Today in History: Lincoln-Douglas Debates begin in 1858

August 21st, 2013

On August 21, 1858, Abraham Lincoln and Democratic incumbent Stephen A. Douglas held the first of their seven historic debates as candidates for the Senate in Illinois. These long-form debates focused on the subject of slavery’s expansion into the territories.

As we near the 50th anniversary of the March on Washington, consider the role that race and civil rights played in 19th-century political debates. In the lead-up to the Lincoln-Douglas debates, Douglas used Lincoln’s famous “House Divided Speech” to attack Lincoln’s abolitionism. A skilled debater, Lincoln did not go so far as to call for social equality between all races, but he repeated the call made in his “House Divided Speech” to prevent slavery’s expansion into new territories:

But all this, to my judgment, furnishes no more excuse for permitting slavery to go into our own free territory, than it would for reviving the African slave-trade by law. The law which forbids the bringing of slaves from Africa, and that which has so long forbid the taking of them to Nebraska, can hardly be distinguished on any moral principle; and the repeal of the former could find quite as plausible excuses as that of the latter.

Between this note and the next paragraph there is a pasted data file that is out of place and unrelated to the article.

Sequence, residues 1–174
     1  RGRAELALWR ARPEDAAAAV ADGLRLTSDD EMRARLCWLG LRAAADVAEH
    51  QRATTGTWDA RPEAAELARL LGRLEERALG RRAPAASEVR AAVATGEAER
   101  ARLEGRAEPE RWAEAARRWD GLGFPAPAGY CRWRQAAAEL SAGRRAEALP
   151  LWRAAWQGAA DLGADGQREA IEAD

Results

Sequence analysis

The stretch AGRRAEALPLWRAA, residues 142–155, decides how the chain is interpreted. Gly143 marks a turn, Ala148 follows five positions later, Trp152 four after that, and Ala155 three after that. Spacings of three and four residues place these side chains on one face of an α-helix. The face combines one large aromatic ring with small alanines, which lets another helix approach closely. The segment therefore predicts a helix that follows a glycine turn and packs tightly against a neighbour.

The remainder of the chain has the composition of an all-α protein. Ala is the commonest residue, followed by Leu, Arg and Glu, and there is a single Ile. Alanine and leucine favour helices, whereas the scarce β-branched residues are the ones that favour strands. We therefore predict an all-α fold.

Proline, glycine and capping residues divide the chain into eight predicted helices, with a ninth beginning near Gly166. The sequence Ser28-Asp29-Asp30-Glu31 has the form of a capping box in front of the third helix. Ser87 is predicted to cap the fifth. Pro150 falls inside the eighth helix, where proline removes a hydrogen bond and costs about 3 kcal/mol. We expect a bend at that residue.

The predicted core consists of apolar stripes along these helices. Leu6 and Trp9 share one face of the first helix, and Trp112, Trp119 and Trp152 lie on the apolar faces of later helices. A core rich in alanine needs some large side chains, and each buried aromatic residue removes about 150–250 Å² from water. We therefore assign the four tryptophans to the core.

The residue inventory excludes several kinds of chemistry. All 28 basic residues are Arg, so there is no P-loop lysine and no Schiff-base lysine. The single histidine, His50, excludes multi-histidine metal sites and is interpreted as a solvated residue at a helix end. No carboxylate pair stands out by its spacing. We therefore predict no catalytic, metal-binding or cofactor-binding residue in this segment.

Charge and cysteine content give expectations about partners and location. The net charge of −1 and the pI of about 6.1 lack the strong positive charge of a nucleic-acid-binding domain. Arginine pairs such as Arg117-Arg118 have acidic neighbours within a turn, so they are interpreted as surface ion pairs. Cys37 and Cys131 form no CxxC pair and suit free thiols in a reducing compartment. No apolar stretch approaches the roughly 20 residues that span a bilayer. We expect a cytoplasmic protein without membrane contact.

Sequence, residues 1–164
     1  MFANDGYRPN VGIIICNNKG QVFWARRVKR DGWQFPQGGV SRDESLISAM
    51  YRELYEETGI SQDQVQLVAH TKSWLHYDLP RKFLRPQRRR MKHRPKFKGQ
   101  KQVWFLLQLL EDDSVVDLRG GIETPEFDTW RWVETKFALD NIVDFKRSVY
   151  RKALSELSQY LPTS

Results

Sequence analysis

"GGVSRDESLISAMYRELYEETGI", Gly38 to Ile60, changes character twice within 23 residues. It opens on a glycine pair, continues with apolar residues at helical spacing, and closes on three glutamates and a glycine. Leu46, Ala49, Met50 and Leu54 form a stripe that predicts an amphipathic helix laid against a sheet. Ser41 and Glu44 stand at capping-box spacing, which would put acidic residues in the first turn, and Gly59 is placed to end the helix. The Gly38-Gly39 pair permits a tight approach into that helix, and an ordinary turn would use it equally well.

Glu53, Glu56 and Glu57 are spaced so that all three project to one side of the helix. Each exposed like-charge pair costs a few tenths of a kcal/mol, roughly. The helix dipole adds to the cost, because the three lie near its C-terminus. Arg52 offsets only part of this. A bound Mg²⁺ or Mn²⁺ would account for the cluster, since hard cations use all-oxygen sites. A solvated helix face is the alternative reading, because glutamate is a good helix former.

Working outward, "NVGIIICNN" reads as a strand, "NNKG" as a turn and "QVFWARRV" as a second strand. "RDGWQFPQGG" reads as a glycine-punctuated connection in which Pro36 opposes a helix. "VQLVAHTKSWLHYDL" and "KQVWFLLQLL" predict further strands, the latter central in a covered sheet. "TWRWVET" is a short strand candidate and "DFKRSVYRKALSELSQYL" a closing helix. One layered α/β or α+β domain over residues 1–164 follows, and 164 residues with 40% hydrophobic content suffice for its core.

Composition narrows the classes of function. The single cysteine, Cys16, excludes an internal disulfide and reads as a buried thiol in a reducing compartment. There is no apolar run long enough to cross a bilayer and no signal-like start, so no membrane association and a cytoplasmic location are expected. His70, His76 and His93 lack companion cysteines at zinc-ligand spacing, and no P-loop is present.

Unlike modern political debates, the Lincoln-Douglas Debates gave each candidate the chance to speak at great length, without interruption. The debates were each three hours long, with one candidate speaking for 60 minutes, followed by a 90-minute rebuttal, and a 30-minute rejoinder. C-SPAN created a re-enactment of the debate which can be watched here.

A surprising endorsement by a prominent former Whig politician for Douglas helped the Democrats win a majority of seats in the Illinois General Assembly, which in turn re-elected Douglas. The debates were not a complete loss for Lincoln, however. The national attention garnered by the Lincoln-Douglas debates helped Lincoln launch a successful presidential campaign just two years later. 

After learning about Lincoln’s role in ending slavery, consider the Civil Rights Movement’s progress toward equal rights. Check out our ebook “The Meaning of Martin Luther King Jr. Day” for more.

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